lower socio economic strata experience the ill-effects of environmental
pollution in Tiruppur. According to them the ground water pollution
may be the cause for diarrhoea, typhoid, malaria, jaundice, and
other forms of allergies. Respiratory diseases are caused due
to allergy and pollution, since Tiruppur is an industrial city
dirt from industries and also from vehicular emission might be
the cause of all health problem.
iii. Social Impact
The perception study showed
that all the groups indicated the acceptance of increasing Child
labour in Tiruppur. Recent study in India on the impact of child
labour on industries showed that children are paid less and also
put to more hours of work. The children surveyed gave clear indications
of a marked disparity in wages. The highest paid child took home
about Rs.30 a day and most of them spend their childhood earning
a mere Rs.5 to 10 or even less a day. This would have adverse
impact on the markets especially with increasing global concern,
unless there is a strict legislation banning child labour in all
forms. The small hands would continue to keep turning the wheel
of the economy (HINDU, 1997).
The protection and management of ground water, one of the most valuable natural resources, is emerging as a major public concern in India. The present study clearly shows that the ground water samples studied in Tiruppur do not meet the drinking water standards. The water resources of Tiruppur have been depleted because of contamination by wastes. Once ground water is contaminated it is difficult to restore it to its initial quality. This calls for proper treatment, disposal and management of wastes. But the industrialists who are responsible for the deterioration of ground water purity have not initiated schemes to treat or manage the wastes because they lack social consciousness. Industrialists should be aware of the responsibility they have assumed for their chosen "lifeline".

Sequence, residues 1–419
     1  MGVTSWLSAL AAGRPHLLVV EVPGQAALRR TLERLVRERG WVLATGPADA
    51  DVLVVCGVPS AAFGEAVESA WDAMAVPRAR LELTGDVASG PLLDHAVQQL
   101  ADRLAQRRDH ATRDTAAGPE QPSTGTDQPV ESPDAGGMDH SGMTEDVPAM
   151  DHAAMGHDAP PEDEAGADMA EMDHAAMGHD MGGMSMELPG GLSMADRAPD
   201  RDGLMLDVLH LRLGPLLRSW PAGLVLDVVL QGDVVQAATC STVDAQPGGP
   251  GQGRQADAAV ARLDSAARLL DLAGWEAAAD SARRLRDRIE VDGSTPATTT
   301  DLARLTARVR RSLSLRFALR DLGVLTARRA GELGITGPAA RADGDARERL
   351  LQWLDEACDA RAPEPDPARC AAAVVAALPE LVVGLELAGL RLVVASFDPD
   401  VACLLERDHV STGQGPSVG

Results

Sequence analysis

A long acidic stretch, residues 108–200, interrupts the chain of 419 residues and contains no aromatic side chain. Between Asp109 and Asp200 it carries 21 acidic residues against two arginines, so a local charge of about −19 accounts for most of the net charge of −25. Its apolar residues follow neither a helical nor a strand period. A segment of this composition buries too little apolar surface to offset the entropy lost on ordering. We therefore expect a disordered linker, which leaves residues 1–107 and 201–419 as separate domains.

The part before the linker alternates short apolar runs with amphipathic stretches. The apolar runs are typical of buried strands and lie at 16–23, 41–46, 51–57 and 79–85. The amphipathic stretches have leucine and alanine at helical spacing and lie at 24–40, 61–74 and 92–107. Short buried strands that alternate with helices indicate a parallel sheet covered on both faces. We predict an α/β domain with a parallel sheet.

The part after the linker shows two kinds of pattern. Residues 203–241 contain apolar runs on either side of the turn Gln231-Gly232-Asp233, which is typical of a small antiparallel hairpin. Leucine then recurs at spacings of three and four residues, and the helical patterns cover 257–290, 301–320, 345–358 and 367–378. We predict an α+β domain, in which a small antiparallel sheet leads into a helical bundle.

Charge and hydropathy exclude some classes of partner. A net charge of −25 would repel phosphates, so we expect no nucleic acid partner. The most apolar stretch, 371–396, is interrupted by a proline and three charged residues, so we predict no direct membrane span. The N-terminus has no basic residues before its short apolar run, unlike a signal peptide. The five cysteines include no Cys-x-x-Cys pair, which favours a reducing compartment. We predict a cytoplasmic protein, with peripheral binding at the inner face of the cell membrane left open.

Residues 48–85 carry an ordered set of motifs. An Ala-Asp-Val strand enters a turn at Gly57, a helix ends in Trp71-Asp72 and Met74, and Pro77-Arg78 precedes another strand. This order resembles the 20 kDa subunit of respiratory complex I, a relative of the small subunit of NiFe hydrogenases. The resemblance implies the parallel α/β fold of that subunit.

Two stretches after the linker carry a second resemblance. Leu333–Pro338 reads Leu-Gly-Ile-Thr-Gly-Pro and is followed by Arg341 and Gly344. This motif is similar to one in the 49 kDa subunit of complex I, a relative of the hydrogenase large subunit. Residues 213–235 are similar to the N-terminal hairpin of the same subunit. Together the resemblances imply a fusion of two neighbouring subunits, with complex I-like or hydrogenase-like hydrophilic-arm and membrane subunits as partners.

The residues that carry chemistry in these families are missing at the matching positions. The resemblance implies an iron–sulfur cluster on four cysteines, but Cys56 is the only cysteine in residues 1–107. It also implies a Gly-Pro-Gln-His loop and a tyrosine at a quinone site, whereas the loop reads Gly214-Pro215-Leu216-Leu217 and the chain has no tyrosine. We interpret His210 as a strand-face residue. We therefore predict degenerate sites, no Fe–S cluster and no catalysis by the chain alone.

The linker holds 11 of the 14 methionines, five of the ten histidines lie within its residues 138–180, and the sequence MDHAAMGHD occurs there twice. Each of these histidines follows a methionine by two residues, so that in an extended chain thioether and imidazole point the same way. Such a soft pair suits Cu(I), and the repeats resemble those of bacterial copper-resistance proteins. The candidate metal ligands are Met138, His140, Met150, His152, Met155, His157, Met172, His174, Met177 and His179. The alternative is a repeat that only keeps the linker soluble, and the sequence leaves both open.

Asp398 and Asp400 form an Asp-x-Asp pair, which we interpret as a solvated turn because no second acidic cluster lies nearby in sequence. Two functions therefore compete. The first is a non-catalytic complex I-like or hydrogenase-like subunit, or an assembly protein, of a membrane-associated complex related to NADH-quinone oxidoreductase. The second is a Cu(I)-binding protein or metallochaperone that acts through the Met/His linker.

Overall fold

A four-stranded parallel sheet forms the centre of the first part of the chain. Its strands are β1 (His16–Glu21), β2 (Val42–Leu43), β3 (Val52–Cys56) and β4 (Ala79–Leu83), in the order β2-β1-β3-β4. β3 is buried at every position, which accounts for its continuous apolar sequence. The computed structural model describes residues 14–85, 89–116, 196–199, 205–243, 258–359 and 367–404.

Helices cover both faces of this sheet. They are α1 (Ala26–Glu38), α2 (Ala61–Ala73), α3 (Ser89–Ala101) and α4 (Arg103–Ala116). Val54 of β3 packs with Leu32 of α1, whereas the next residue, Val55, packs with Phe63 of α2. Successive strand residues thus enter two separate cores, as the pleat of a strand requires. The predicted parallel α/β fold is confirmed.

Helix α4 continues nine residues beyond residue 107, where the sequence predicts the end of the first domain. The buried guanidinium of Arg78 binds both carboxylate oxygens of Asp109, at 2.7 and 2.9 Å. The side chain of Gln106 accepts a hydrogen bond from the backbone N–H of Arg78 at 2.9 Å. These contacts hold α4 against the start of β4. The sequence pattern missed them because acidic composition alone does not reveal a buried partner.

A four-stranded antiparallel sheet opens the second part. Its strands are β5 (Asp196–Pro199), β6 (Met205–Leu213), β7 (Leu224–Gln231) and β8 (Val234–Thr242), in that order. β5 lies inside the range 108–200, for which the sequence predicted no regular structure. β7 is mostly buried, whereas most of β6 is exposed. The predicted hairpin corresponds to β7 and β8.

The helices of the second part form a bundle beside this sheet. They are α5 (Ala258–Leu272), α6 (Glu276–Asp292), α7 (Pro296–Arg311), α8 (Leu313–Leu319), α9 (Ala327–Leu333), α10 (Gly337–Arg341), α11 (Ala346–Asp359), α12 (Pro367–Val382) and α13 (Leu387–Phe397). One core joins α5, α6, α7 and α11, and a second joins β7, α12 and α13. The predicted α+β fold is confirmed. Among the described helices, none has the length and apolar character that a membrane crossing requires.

The new economic policy has enhanced the export and import of goods in India. This policy which is supposed to enhance the growth of Indian economy, also increases the growth of industries such as textiles. It would not be ethical to sacrifice the future in the interest of the future generation to benefit the present. Rapid growth ultimately may lead to the degradation of environmental quality in a town like Tiruppur. The result of the present study reinforces the concept that indiscriminate use of the natural resources for the production of consumer items for economic gain is unethical. A survey conducted to obtain the public opinion on the theme of economy vs. ecology has shown that there is a conflict of interest between the consumer, common man and the industrialist.
A field survey conducted in Tiruppur revealed that the ground water quality in the Tiruppur is highly polluted. Unplanned growth of industries are responsible for the rapid deterioration of the environment of Tiruppur. Industrialists in Tiruppur are bothered only about the economical development and not about the health of the ecosystem. Unemployed youngsters are strongly attracted towards Tiruppur, which increases the population density and upsets the ecobalance of Tiruppur.
The improper management of industries has resulted in poisoning of ground water and soil. It has also led to the vanishing of the floral and faunal population. Ecorestoration of Tiruppur should be attempted through some green technology and pollution control measures. The present study suggests that after the textile effluent is treated initially using chemical methods to reduce the TDS concentration, (such as alum, ferrous sulphate, and poly-electrolytes) it should be followed by biological methods to reduce the colour, BOD and COD. Effective collection, treatment and disposal of industrial wastes can help to protect the ecosystem and ensure the sustainable development of Tiruppur.